Germans were among the first European settlers to arrive in Australia followingas founding pioneers. Around 10,000 migrated during the gold rush in the 1850s. However, in the first half of the 20th century, Germans living in Australia became the subject of social isolation, suspicion and persecution surrounding the World Wars. In turn, their population shrank by tens of thousands of people. During this time, many German cultural establishments closed and families often had to Anglicise their names in order to hide their German heritage. As a result of this persecution, much of the early German impact on the Australian social landscape has been completely erased.
The second and biggest influx of German migration occurred in the postwar period. Many people who migrated wereGermans that had been displaced by the war, arriving under assisted migration programs. During this time, German schools, churches and cultural institutions were able to re-emerge. German migration continued steadily for the rest of the century, but the community is now shrinking due to the aging population, return migration and lack of new arrivals. Today, much German migration is temporary and does not lead to permanent residency. For example, it is a popular choice among German youth to live and work in Australia on a working holiday visa for a year. The current German preference for permanent relocation is elsewhere in Europe rather than Australia.
The German population in Australia is generally very well educated; 95.7% of the German-born population speaks English fluently and almost 70% have some form of higher education qualification, compared to 55% of the total Australian population. The majority of first-generation German migrants in Australia are well established and have been permanent residents for decades. Over 50% of the Germany-born population arrived prior to 1971 and more than 80% arrived before 2001. As such, it is an elderly migrant population, with the median age being 62. Almost 40% of the German-born population is 65 years or older, whilst only 6.4% is under 25 years of age.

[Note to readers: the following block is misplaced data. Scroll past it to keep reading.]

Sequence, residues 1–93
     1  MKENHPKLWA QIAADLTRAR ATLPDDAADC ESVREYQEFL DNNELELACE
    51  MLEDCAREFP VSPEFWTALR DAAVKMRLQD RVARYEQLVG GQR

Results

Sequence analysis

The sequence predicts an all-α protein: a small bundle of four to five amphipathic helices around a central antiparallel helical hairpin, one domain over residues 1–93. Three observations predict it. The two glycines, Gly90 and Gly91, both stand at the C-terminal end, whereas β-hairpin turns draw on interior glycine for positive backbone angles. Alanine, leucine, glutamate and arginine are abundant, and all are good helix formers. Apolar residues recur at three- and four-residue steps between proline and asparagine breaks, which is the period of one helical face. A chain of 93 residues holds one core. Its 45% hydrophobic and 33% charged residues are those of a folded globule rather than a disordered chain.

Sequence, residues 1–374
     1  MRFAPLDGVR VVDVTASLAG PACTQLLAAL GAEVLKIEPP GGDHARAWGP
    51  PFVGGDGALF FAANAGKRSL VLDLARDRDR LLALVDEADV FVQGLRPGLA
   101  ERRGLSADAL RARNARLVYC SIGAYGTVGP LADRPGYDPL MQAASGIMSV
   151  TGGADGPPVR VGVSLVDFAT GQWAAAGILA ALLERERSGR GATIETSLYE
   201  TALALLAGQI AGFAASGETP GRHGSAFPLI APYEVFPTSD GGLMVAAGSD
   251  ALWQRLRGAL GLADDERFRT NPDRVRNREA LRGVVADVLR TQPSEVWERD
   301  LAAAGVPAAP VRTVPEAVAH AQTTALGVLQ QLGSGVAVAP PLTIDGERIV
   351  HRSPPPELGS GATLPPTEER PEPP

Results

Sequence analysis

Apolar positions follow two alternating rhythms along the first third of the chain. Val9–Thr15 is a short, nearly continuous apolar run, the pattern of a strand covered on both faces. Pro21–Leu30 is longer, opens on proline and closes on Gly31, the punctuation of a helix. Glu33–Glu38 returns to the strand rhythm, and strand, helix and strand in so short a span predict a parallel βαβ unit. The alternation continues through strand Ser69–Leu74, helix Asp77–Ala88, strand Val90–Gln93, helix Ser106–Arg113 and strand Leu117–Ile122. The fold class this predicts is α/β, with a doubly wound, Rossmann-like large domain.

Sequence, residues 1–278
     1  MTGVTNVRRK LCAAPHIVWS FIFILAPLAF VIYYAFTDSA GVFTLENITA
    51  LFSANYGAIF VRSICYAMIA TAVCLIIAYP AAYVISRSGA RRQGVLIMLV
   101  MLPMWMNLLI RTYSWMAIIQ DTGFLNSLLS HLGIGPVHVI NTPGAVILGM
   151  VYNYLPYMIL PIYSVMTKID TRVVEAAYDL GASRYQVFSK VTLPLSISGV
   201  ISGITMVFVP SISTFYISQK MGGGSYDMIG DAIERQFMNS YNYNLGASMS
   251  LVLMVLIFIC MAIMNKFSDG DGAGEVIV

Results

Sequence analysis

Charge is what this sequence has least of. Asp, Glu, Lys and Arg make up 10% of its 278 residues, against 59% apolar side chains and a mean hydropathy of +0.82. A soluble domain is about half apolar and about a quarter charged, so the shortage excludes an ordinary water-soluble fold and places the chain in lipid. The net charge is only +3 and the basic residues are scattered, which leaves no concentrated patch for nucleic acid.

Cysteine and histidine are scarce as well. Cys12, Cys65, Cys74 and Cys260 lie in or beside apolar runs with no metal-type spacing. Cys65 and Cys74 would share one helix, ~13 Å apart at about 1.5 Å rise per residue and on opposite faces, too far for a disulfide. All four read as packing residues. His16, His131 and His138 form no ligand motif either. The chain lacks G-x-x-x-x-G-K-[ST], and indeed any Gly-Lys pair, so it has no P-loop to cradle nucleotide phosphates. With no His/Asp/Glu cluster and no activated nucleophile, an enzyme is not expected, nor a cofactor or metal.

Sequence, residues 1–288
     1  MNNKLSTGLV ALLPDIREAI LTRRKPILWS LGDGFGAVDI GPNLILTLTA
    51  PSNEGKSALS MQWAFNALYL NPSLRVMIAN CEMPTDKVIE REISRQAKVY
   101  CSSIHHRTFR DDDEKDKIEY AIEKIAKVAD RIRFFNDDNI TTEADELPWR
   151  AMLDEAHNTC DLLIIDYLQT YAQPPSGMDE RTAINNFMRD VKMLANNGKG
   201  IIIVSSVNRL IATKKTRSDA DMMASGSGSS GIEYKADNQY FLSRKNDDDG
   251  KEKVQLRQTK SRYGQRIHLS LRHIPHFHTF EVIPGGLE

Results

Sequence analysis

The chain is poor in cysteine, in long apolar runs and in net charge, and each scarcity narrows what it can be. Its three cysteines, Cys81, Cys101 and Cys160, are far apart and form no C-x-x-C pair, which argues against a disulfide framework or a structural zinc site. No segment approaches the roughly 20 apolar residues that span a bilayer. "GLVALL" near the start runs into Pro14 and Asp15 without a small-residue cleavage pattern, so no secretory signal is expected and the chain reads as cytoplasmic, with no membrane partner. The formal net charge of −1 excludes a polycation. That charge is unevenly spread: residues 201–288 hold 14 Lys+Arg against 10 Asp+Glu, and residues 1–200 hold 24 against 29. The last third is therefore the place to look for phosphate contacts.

It is important to note that those Germans who have been settled and acculturated to Australia for decades may have a different understanding of Germany’s cultural climate than those born and living in Germany today. For example, some Germans living in Australia may not have had much exposure to the new social climate of Germany since the Cold War ended and East and West Germany reunited. While Germans are no longer routinely persecuted in Australia, some report being socially isolated on the basis of their national reputation.
According to Australia’s 2011 census, 28.2% of German-born residents in Australia identified as Catholic, 24.3% identified as Lutheran and 23.2% did not identify with any religion. A further 18.8% identified with some other faith including other variations of Christianity. The German-Australian population has played a central role in establishing a strong Lutheran community in Australia.